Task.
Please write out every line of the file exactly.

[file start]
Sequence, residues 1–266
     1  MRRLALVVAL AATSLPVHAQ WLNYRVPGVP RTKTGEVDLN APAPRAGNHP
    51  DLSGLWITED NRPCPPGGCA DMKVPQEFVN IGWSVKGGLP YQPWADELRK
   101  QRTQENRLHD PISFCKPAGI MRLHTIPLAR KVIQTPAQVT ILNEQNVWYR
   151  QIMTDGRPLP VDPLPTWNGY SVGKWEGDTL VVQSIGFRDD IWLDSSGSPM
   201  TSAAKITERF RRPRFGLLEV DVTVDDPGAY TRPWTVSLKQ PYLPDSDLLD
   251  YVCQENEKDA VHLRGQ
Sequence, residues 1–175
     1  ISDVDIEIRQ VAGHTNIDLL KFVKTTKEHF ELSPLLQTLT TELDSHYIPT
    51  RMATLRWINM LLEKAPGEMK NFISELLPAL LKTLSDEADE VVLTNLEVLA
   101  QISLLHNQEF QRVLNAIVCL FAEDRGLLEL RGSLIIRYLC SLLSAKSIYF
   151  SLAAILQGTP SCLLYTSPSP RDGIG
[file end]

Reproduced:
Sequence, residues 1–266
     1  MRRLALVVAL AATSLPVHAQ WLNYRVPGVP RTKTGEVDLN APAPRAGNHP
    51  DLSGLWITED NRPCPPGGCA DMKVPQEFVN IGWSVKGGLP YQPWADELRK
   101  QRTQENRLHD PISFCKPAGI MRLHTIPLAR KVIQTPAQVT ILNEQNVWYR
   151  QIMTDGRPLP VDPLPTWNGY SVGKWEGDTL VVQSIGFRDD IWLDSSGSPM
   201  TSAAKITERF RRPRFGLLEV DVTVDDPGAY TRPWTVSLKQ PYLPDSDLLD
   251  YVCQENEKDA VHLRGQ
Sequence, residues 1–175
     1  ISDVDIEIRQ VAGHTNIDLL KFVKTTKEHF ELSPLLQTLT TELDSHYIPT
    51  RMATLRWINM LLEKAPGEMK NFISELLPAL LKTLSDEADE VVLTNLEVLA
   101  QISLLHNQEF QRVLNAIVCL FAEDRGLLEL RGSLIIRYLC SLLSAKSIYF
   151  SLAAILQGTP SCLLYTSPSP RDGIG